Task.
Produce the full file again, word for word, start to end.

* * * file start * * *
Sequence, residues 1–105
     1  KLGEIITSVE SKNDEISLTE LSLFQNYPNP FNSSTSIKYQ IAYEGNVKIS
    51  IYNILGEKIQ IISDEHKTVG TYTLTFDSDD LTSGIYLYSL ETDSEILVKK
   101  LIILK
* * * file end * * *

Sequence, residues 1–105
     1  KLGEIITSVE SKNDEISLTE LSLFQNYPNP FNSSTSIKYQ IAYEGNVKIS
    51  IYNILGEKIQ IISDEHKTVG TYTLTFDSDD LTSGIYLYSL ETDSEILVKK
   101  LIILK